Cennamology Chief Editor
It may seem ironic at first, but it makes perfect sense that Republican Senator Pat Roberts (Kan.) has a much more difficult reelection battle ahead of him after his Democratic opponent dropped out of the race yesterday.
Approximately 45 minutes before the deadline, Taylor notified the Kansas secretary of state's office that he was terminating his campaign and asked to be taken off the November ballot. This paves the way for a head-to-head showdown between Roberts and independent candidate Greg Orman.
Since Taylor's withdrawal, the Kansas Senate election has become the most talked about race in the country. CQ/Roll Call has moved its rating of the race from Republican Favored to Toss-up.
So what makes Kansas different? First of all, Roberts has been performing surprisingly poorly in recent polls. In a three way race, Roberts was leading Taylor by only four points, with Orman surging and Roberts not even breaking a third of the vote. In a two-way race, Roberts was leading Taylor narrowly but losing to Orman by ten points. In other words, Roberts looked like he had a better chance of winning with the Democrat in the race than he did with the Democrat out.
Therefore, by pushing their party's nominee out of the race, Democrats see a rare opportunity to topple a Republican incumbent in a deep-red state. Orman has refused to say what party he will caucus with if elected and reports show that he has donated to both Democratic and Republican candidates in the past. And, unlike Sen. Angus King (I-Maine) in 2012, Orman has not had a previous political career and rather little is known about his stances on the issues. So it's a tossup which party he'll caucus with. However, the way the Democrats see it, Orman has a decent chance of caucusing with them, while Roberts has zero chance.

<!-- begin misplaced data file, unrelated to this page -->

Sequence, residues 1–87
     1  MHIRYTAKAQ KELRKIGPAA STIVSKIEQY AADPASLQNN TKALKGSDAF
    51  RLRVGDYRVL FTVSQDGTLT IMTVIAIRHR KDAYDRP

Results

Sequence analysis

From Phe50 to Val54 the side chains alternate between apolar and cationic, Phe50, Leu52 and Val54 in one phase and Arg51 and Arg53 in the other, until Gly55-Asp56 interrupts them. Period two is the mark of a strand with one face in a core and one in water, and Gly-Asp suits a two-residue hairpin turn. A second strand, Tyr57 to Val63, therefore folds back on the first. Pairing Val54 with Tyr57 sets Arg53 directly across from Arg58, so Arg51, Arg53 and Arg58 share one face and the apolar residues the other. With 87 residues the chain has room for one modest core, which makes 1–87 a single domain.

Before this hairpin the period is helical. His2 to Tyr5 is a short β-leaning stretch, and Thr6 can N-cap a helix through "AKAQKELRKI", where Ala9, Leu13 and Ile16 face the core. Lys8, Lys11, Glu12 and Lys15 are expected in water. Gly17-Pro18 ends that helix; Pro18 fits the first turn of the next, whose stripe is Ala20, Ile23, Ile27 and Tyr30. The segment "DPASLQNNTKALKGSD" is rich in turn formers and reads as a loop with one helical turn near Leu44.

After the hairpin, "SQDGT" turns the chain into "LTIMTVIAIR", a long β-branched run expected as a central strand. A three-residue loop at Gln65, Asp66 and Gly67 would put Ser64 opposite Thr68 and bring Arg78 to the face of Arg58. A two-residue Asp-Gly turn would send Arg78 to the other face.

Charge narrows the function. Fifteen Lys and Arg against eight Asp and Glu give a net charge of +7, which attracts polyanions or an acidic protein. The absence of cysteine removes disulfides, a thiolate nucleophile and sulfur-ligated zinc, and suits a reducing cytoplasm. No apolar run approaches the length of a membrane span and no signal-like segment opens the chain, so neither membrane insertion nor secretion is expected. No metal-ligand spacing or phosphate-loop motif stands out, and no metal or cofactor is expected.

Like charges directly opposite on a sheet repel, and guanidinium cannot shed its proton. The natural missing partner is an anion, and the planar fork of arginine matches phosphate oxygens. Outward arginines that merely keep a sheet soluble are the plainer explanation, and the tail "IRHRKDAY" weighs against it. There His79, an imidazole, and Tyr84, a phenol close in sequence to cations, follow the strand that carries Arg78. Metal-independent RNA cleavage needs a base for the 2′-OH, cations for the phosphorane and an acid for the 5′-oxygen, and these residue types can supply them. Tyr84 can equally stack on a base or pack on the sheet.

It is not a far-fetched possibility that after Election Day, there will be 50 Republicans, 49 Democrats, and Greg Orman as the composition of the next Senate. If that is the case, Orman will be the most important man in American politics until the next Congress convenes, as whichever party he chooses to caucus with will have the majority in the senate. If this is the case, whichever party has the majority will owe a lot to Orman, which will make him a very powerful freshman senator.
With Democrats now rallying behind Orman, this race is now a true tossup. In fact, this is the second time this week that a Democratic candidate has dropped out in favor of a Republican. In the Alaska Governors' race, Democratic nominee Byron Mallott dropped out and joined Independent Bill Walker as lieutenant governor, giving the new ticket a better chance at defeating incumbent Republican Sean Parnell than it would have with a three-way race.
Taylor dropping out is not the only reason for Roberts' new-found vulnerability. Orman has been surging recently and has proven to be a prolific fundraiser with the ability to self-fund if necessary. In fact, his campaign had raised over six times as much as Taylor's did, which probably contributed to the latter's decision to drop out.